Zelda Barbour Wynn Valdes (1901–2001)

Zelda Barbour Wynn Valdes
© Ebony, Fair use image

Zelda Barbour Wynn Valdes was an African American fashion and costume designer. Valdes was the first black designer to open her own shop, which was the first black-owned business on Broadway in New York City, New York in 1948. Her designs have been worn by famous entertainers such as Dorothy Dandridge, Josephine Baker, Marian Anderson, Josephine Baker, Ella Fitzgerald, Mae West, Ruby Dee, Eartha Kitt, and Sarah Vaughan, among others.

Zelda Valdes was born on June 28, 1905, in Chambersburg, Pennsylvania. She studied her grandmother’s work as a seamstress and also worked in her uncle’s tailoring shop. Valdes began working as a stock girl at a high-end boutique around 1920 and worked her way up to become the boutique’s first black sales clerk and tailor.

In 1948 at the age of forty-seven, Valdes opened the first African American owned boutique in Manhattan on Broadway and West 158th Street with her sister, Mary Barbour, who worked as her assistant. She called her store, Chez Zelda. Valdes’s boutique soon attracted numerous celebrities and society women. She would later move Chez Zelda to midtown Manhattan, setting up shop on 57th Street. In 1949 Valdes was elected president of the New York Chapter of the National Association of Fashion and Accessory Designers (NAFAD), an organization of black designers that was founded by educator and political activist Mary McLeod Bethune.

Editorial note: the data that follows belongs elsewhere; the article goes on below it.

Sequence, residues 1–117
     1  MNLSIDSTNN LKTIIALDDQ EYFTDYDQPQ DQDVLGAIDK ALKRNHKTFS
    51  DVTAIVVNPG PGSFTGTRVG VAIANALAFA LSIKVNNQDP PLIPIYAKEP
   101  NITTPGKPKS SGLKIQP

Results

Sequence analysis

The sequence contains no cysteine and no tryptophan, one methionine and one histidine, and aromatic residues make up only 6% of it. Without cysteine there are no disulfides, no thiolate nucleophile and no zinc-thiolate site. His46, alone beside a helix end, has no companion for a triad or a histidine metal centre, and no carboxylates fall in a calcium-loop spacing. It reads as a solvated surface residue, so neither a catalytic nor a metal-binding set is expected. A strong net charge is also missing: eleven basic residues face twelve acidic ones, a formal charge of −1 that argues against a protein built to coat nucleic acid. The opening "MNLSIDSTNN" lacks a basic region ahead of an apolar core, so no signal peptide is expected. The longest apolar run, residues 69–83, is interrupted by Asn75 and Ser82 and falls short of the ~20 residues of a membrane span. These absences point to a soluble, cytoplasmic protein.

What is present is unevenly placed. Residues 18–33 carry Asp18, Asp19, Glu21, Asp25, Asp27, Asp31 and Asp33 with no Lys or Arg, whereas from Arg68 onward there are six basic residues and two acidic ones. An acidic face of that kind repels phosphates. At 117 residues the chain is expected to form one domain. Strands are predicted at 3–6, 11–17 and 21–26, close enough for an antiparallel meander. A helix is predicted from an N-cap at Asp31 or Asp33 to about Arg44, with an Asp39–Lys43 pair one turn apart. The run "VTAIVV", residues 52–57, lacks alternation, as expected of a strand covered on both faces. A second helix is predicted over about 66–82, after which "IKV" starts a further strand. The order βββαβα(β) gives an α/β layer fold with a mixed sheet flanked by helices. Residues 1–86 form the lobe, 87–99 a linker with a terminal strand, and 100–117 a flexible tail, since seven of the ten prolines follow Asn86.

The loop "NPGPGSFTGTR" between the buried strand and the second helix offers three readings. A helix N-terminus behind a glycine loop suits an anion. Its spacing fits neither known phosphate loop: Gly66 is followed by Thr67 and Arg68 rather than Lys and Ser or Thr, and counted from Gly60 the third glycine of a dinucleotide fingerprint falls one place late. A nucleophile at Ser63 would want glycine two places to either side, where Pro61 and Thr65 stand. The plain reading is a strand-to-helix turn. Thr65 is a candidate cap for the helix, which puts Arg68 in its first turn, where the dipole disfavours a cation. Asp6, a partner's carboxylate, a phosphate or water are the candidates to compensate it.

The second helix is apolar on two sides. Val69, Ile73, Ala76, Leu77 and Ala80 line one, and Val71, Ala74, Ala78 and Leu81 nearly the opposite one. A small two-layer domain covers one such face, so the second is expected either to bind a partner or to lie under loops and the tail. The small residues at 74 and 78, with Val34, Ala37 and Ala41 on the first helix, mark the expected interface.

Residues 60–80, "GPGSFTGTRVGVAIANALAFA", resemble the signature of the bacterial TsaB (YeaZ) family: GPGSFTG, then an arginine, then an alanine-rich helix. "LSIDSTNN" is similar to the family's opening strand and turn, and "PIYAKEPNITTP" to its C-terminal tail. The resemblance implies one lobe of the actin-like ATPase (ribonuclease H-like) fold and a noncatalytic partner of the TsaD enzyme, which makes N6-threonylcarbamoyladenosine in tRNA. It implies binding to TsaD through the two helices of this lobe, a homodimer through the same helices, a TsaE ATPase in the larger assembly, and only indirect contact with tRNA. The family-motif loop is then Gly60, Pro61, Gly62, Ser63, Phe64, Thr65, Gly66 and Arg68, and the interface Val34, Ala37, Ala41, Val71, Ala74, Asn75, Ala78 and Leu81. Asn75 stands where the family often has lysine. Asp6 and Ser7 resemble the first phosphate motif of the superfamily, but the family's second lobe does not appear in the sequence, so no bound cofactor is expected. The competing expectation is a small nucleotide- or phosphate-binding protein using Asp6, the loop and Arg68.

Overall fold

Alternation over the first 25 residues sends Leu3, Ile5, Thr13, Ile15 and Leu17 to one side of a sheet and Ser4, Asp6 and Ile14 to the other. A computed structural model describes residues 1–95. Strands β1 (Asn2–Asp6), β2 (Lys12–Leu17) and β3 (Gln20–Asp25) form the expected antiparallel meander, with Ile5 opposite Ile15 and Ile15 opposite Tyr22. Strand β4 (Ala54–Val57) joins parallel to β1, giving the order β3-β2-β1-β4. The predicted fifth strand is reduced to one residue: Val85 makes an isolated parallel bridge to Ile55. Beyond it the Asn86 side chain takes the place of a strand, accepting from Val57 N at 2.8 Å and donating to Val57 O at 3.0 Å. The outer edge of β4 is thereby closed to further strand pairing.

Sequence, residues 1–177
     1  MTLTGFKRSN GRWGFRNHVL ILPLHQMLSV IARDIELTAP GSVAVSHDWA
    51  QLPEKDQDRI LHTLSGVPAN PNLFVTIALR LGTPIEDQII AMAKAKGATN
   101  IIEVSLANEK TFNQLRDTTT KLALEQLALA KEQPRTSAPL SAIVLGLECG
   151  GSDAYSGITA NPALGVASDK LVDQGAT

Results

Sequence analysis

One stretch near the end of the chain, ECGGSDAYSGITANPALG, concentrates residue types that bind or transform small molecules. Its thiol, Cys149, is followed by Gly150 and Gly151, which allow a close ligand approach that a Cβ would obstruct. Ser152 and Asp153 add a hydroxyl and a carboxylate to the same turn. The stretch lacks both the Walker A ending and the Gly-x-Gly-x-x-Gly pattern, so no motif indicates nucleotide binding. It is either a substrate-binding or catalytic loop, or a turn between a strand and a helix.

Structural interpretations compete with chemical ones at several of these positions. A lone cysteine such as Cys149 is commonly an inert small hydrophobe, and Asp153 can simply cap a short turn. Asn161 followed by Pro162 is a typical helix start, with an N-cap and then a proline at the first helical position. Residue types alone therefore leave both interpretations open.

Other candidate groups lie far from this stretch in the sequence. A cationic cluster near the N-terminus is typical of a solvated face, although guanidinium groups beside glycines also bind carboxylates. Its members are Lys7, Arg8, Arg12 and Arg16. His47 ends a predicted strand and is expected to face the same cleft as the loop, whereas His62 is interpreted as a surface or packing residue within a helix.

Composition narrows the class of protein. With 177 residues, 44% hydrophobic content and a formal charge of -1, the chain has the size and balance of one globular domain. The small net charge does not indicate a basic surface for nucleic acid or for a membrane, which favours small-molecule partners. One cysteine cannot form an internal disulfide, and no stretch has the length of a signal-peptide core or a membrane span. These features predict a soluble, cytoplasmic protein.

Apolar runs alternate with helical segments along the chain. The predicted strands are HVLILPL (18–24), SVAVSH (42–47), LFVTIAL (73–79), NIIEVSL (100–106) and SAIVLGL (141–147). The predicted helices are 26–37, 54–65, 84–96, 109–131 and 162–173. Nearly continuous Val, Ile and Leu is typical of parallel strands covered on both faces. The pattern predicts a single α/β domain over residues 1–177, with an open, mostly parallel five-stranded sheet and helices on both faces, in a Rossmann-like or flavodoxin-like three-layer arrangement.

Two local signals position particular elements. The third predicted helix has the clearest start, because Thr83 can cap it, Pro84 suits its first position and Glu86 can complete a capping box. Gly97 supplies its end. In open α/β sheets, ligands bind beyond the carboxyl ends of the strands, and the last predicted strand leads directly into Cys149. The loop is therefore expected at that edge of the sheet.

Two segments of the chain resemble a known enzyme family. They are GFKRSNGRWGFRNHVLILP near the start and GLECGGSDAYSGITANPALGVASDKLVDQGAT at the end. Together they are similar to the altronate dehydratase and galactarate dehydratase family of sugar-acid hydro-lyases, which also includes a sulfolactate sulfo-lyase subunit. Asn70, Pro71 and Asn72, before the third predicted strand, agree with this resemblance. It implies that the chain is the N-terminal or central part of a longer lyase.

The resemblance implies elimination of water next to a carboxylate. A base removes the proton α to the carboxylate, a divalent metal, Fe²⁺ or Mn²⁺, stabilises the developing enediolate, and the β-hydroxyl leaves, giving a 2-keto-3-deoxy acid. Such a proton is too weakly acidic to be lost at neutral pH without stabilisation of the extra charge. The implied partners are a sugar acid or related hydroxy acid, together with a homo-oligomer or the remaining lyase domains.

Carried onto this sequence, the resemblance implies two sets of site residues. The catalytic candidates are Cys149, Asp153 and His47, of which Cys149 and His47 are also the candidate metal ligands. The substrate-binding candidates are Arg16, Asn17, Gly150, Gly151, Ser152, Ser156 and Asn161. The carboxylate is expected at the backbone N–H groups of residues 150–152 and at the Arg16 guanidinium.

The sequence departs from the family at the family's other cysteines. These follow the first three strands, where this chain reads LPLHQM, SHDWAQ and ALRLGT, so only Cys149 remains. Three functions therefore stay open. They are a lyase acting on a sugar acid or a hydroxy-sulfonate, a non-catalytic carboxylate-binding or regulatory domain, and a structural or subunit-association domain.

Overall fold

Valdes’s celebrity clients included Josephine Baker, Mae West, Ella Fitzgerald, Dorothy Dandridge, Eartha Kitt, and Marian Anderson. Valdes’s fashion designs were responsible for creating a new sexier image for singer Joyce Bryant who was a huge star in the African American community in the early 1950s and whom Life Magazine later described as the “the Black Marilyn Monroe.” In 1958 Playboy Magazine founder Hugh Hefner hired Valdes to design the first Playboy Bunny costumes. Hefner commissioned Valdes to do this work on the recommendation of the magazine’s promotion director, Victor Lownes. Originally, the Valdes design had the ears taller and the ensemble lacked the trademark bow tie, collar, and cuffs. First unveiled publicly in an early episode of Playboy’s Penthouse Magazine, the bunny costume made its formal debut at the opening of the first Playboy Club in Chicago, Illinois on the evening of February 29, 1960.

In 1970 Arthur Mitchell asked Valdes to design costumes for his new company, the Dance Theater of Harlem. Valdes would continue to work with the Dance Theater of Harlem until her death on September 26, 2001, at age ninety-six.